Is Javier Vazquez Hall Of Fame Material?

It's an interesting question to ask. On the surface, Javier Vazquez seems like the most unclutch pitcher in the world. His ERA has been below 4.40 only once in the past five seasons and he is notorious for pitching poorly when the game matters most. If Win-Loss records meant anything (which they do not), his five year 63-61 mark would be nothing to talk about.

But that's where all my "criticism" of Javi ends. If you look beneath the situational numbers, you find one of baseball's premier pitchers. Over the past five seasons (1041.1 IP), Javier Vazquez has struck out 939 batters (8.12 K/9) and walked a mere 273 (2.39 BB/9). Even with his high 1.25 HR/9 rate over that five year period, Vasquez still managed to post a FIP just below 4 (3.99), despite playing 4 of those 5 seasons at baseball's most home run friendly parks. If you remove Vasquez's disastrous 2004 campaign from this analysis and we look at the four year period from 2005-2008, we find even more to love about Ozzie's whipping boy.

At HR friendly US Cellular and Chase Field between 2004 and 2008, Javier Vazquez struck out 789, walked 213 and only gave up 112 long balls in 843.1 IP. That's good for a 8.42 K/9, 2.27 BB/9, and remarkable (given the circumstance that Javi is a flyball pitcher at two home run inflating parks) 1.19 HR/9 -- significant improvements on his already great peripherals from the five year analysis. Javi's FIP over this period is a very respectable 3.81.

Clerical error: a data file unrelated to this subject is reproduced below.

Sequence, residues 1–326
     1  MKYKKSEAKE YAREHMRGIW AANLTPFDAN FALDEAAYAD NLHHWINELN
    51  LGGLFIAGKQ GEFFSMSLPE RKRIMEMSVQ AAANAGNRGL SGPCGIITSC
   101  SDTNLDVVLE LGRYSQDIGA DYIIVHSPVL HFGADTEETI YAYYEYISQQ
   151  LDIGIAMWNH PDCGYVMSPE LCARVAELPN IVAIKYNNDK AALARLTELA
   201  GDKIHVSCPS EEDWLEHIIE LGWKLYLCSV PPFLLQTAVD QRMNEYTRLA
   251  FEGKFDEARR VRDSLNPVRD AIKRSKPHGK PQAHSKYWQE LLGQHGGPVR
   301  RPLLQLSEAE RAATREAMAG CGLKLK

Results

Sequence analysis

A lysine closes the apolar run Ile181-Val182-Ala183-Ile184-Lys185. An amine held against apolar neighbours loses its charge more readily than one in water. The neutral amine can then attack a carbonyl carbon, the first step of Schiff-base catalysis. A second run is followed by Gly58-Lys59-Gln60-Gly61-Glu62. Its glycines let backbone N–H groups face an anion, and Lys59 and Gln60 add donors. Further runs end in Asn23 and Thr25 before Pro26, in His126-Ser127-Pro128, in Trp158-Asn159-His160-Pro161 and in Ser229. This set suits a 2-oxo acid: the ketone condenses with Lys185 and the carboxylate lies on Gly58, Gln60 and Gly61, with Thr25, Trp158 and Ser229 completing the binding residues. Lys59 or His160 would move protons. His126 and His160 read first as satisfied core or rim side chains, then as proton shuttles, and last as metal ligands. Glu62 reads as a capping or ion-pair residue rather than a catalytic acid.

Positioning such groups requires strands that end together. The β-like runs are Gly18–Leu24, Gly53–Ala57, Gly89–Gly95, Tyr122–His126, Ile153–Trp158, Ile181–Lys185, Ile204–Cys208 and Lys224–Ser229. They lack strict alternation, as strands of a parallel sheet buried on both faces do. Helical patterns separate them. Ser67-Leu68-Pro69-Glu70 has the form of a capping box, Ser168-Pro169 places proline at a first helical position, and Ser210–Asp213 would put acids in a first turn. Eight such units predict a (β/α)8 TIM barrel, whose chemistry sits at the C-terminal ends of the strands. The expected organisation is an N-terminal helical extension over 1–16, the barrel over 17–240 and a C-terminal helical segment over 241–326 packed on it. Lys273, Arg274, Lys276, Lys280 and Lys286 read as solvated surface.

So if Javi is so great, why were his numbers so terrible over this period of time? The answers are simple.

Vazquez's stint on the Yankees in 2004 was just a down year. Vazquez gave a then career high amount of bombs (33) in a career low amount of innings (198). Vazquez, who had just moved from the NL to the AL that season had to make adjustments and in doing so, his K/9 fell from 9.40 per nine in 2003 to a career low 6.82 per nine in 2004. His walk rate, though not terrible, spiked to a career high 2.73 per nine. Following his down year on the Yankees, Vazquez adjusted and his peripherals returned to normal. His K/9 rose and BB/9 fell to match his career rates and would remain pretty consistent from 2005-2008. However, as Vazquez spent a lot of time in both Chase Field and US Cellular Field, he was still susceptible to the long ball. In 2005, Javier Vazquez topped his home run mark from 2004 with 35 bombs allowed, but did so in 18 extra innings of work. When Vazquez was traded from the Diamondbacks to the White Sox, he not only made the transition from the NL to the AL again (this time, Javi would make the necessary adjustments and his peripherals would remain constant), he moved to one of the worst defensive teams in all of baseball. With the notable exception of Joe Crede, who saw limited playing time due to back injury complications from 2006-2008, and Orlando Cabrera, who only played for the team for one season, the entire White Sox infield and outfield have not only been one of the most below average defensive teams in baseball, but also one of the least efficient at converting balls-in-play into outs. In 2007 and 2008, the White Sox respectively ranked 23rd and 20th in defensive efficiency. If not for Orlando Cabrera last season, the White Sox would have ranked even lower in 2008. Furthermore, in 2006 and 2008, Javier Vazquez's BABIPs were .321 and .328, both career high marks.